articulated, there is space between the religion clauses, in which there is “room for play in the joints;” government may encourage the free exercise of religion by granting religious accommodations, even if not required by the Free Exercise Clause, without running afoul of the Establishment Clause. See, e.g., Walz, 397 U.S. at 669; Locke v. Davey, 540 U.S. 712, 718-19 (2004); Cutter v. Wilkinson, 544 U.S. 709, 713-14 (2005). Accommodations of religion are possible because the legislative line-drawing to which the plaintiffs object, between the religious and the secular, is constitutionally
Just last term, the Supreme Court recognized the existence of the “ministerial exception,” barring “ministers’” Title VII suits against their religious employers. Hosanna-Tabor Evangelical Lutheran Church and School v. E.E.O.C., 132 S.Ct. 694 (2012).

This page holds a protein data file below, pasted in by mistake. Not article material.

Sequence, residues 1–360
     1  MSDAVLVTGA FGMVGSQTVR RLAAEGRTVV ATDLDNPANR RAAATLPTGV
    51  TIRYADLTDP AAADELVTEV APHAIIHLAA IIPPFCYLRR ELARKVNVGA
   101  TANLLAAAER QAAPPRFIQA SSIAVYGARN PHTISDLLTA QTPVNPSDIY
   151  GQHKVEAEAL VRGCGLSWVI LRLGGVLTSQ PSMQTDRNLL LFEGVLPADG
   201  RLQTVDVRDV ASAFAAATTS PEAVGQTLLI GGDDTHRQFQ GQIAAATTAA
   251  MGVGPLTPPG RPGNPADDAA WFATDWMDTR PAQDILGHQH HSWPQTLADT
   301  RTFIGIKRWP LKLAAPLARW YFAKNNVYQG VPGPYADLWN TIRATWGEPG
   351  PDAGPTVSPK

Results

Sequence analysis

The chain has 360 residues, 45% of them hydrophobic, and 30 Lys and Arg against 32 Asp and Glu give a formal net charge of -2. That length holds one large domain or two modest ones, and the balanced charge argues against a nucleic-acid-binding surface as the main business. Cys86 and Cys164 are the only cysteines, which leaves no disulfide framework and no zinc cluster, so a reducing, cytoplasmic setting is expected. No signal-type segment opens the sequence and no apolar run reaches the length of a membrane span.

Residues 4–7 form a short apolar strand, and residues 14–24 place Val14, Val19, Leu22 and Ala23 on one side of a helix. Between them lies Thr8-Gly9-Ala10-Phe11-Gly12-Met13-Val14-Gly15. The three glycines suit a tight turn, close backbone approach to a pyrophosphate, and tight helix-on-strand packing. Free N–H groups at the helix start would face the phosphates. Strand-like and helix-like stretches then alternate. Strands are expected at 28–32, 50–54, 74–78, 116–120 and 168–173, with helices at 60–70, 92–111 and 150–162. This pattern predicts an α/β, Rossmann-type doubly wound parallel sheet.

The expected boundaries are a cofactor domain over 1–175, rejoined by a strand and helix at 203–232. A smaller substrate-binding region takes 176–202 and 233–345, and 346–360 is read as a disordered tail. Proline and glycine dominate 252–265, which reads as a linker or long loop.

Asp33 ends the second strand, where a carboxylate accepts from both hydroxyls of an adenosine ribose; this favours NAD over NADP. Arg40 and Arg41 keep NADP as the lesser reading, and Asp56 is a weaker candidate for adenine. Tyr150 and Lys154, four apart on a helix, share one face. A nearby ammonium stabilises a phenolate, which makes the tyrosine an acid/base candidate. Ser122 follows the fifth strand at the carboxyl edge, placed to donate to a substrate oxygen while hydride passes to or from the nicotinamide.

permissible. The religious employer exemption, by necessity, distinguishes between religious and secular employers, and HHS has selected a logical bright line between the two. Surely many secular employers, like OIH, follow the “Golden Rule,” contribute to charities, or consider their secular labors to be pleasing to a higher power. If the Constitution required Congress to provide exemptions for such employers whenever an exemption was also allowed for churches organized specifically for the purpose of promoting a religion, the accommodation would swallow the rule. The highest state courts of New York and California have addressed arguments similar to the plaintiffs’ when rejecting Establishment Clause challenges to their respective state health care laws, and the reasoning of those courts is instructive: Plaintiffs’ theory would call into question any limitations placed by the Legislature on the scope of any religious exemption - and thus would discourage the Legislature from creating any such exemptions at all. But... legislative accommodation to religious believers is a long-standing practice completely consistent with First Amendment principles. A legislative decision not to extend an accommodation to all kinds of religious organizations does not violate the Establishment Clause. Catholic Charities of Diocese of Albany v. Serio, 7 N.Y. 3d at 529 (2006). Similarly, the California Supreme Court explained, “Such legislative accommodations would be impossible as a practical matter if the government were, as the Catholic Charities argues, forbidden to distinguish between the religious entities and activities that are entitled to accommodation and the secular entities and activities that are not.” Catholic Charities of Sacramento, Inc. v. Superior Court, 32 Cal.4th 527 (2004), cert. denied, 543 U.S. 816 (2004). This Court agrees, and therefore rejects plaintiffs’ primary argument, that the government adopts a “theological position” when granting an exemption to religious employers but not to secular employers maintaining religious values like OIH.